Computer Science Seminars
Marija Slavkovik (University of Bergen)
Helen Petrie (University of York)
Pauline Anthonysamy (Lancaster University and Google)
Kirsten Barrett (Department of Geography)
Iain Stewart (Durham)
The design of data centre networks is becoming an important aspect of computing provision as software and infrastructure services increasingly migrate to the cloud and the demand for bigger and bigger data centres grows. This design is ordinarily undertaken by network engineers and is usually holistic in that not only is an interconnection topology prescribed but more practical aspects are often encompassed relating to, for example, routing, fault-tolerance and throughput. Consequently, these initial designs, though often impressive, tend to be prototypical with the intention being to demonstrate proof-of-concept and practical viability rather than to detail the finished article. Not only does improving and optimizing data centre networks provide opportunities for theoreticians to delve into their mathematical toolboxes but particular aspects of data centre network design can also lead to new problems that perhaps might not be immediately practically relevant but are interesting in their own right from a theoretical perspective. In this talk I shall introduce some of the practical considerations behind data centre network design and show how different aspects of mathematics impinge on this world; such aspects might include isoperimetric sets within graphs, the utilization of combinatorial design theory and the reduction of core data centre problems to combinatorics.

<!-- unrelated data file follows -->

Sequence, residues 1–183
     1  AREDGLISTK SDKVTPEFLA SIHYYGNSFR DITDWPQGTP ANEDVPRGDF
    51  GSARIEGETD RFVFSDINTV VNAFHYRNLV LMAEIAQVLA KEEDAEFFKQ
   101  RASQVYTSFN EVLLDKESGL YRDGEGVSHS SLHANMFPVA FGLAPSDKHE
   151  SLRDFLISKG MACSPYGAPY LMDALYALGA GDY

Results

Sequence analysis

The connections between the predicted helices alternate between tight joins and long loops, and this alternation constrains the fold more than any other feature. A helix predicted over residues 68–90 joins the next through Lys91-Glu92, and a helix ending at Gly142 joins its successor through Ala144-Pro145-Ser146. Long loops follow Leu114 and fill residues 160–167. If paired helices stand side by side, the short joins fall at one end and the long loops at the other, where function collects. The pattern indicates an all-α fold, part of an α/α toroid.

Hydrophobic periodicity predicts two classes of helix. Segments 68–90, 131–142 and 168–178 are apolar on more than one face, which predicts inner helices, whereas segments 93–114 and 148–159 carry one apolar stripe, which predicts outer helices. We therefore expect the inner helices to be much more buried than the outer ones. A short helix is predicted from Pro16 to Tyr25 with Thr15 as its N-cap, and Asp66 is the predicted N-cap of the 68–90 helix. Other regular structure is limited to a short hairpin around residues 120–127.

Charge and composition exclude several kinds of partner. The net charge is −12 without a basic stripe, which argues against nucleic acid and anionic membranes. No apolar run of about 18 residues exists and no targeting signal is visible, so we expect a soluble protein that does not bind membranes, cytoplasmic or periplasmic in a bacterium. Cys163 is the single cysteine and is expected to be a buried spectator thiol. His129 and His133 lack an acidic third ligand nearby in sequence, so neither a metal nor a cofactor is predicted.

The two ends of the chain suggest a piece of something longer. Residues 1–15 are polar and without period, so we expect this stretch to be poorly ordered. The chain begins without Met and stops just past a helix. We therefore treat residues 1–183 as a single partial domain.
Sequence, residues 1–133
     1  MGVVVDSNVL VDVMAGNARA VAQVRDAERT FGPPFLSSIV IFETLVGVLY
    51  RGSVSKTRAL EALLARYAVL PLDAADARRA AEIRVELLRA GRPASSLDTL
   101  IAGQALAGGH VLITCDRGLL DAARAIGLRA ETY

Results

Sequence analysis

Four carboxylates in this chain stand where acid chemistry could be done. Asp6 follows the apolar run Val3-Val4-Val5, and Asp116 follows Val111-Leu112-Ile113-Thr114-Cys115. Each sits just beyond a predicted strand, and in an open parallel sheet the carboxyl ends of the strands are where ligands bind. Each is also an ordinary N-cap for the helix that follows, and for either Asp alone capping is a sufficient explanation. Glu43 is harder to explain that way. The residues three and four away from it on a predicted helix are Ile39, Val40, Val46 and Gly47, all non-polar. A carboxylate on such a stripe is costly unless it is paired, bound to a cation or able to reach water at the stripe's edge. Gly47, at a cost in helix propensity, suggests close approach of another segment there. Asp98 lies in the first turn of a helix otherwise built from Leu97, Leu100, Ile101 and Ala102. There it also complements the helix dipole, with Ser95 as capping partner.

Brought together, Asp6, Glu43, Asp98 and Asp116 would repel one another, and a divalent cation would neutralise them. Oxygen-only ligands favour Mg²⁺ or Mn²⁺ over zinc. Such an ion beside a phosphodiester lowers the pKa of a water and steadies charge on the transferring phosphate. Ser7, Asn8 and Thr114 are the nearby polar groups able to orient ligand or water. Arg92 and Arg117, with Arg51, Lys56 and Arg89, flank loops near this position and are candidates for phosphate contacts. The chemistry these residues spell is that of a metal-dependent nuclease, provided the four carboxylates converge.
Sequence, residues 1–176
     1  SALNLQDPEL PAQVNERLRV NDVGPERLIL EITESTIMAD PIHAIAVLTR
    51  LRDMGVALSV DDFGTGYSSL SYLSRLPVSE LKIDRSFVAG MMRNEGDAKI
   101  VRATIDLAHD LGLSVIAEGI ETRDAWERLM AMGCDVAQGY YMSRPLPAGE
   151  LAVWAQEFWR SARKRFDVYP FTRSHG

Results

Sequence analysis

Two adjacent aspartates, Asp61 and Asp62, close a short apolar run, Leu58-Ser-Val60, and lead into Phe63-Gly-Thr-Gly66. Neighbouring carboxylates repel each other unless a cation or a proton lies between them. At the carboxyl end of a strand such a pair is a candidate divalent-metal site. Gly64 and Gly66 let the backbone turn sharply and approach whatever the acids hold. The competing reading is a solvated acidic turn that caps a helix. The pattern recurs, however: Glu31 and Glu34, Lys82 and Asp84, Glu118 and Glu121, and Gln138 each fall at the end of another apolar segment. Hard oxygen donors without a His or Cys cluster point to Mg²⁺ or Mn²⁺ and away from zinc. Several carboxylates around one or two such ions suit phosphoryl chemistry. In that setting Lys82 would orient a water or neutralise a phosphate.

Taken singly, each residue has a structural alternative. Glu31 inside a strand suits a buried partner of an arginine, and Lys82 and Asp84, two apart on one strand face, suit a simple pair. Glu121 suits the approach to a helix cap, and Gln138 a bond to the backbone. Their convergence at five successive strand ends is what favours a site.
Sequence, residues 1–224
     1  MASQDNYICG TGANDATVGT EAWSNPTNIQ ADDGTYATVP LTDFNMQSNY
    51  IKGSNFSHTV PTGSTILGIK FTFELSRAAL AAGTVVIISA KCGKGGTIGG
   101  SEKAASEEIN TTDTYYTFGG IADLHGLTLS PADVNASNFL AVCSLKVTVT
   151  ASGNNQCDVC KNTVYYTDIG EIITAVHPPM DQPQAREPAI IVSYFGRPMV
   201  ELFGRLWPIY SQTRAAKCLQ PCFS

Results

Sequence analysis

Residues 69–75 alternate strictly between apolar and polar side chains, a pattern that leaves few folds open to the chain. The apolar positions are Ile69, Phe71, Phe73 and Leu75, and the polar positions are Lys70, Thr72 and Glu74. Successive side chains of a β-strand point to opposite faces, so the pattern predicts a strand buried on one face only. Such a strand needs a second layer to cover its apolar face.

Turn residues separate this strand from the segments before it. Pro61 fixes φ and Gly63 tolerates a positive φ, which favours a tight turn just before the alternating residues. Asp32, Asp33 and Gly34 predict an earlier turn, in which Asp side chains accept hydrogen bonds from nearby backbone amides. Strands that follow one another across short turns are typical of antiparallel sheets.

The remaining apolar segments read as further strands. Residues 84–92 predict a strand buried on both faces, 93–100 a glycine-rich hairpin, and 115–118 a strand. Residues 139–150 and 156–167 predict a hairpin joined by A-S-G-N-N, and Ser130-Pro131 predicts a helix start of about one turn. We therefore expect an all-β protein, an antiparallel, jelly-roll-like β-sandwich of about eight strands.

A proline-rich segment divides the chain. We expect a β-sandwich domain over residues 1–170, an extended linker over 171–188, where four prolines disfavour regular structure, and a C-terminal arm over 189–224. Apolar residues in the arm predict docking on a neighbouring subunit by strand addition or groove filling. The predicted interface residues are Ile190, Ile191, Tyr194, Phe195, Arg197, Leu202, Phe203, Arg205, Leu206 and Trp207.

Dietrich Kuske (TU Ilmenau)
We consider Presburger arithmetic (PA) extended with modulo counting quantifiers. We show that its complexity is essentially the same as that of PA, i.e., we give a doubly exponential space bound. This is done by giving and analysing a quantifier elimination procedure similar to Reddy and Loveland's procedure for PA. Furthermore, we show that the complexity of the automata-based decision procedure for PA with modulo counting quantifiers has the same triple-exponential complexity as the one for PA when using least significant bit first encoding. (joint work with Peter Habermehl, LIAFA)
Jonathan Hayman (Cambridge)
Causal reasoning is a powerful tool in analysing security protocols, as seen in the popularity of the strand space model. However, for protocols that branch, more subtle models are needed to capture the ways in which protocols can interact with a possibly malign environment, for example allowing the expression of security properties of the form ``no matter what the attacker does, the protocol can still achieve a particular goal''. We study a model for security protocols encompassing causal reasoning and interaction, developing a semantics for a simple security protocol language based on concurrent games played on event structures. We show how it supports causal reasoning about a protocol for secure digital signature exchange. The semantics paves the way for the application of more sophisticated forms of concurrent game, for example including symmetry and probability, to the analysis of security protocols.
Alessandro Abate (Oxford)
This talk looks at the development of abstraction techniques based on quantitative approximations, in order to investigate the dynamics of complex systems and to provide computable approaches for the synthesis of control architectures. The approach employs techniques and concepts from the formal verification area, such as that of (approximate probabilistic) bisimulation, over models and problems known in the field of systems and control. While emphasising the generality of the approach over a number of diverse model classes, this talk zooms in on stochastic hybrid systems, which are probabilistic models with heterogeneous dynamics (continuous/discrete, i.e. hybrid, as well as nonlinear). A case study in energy networks, dealing with the problem of demand response, is employed to clarify concepts and techniques.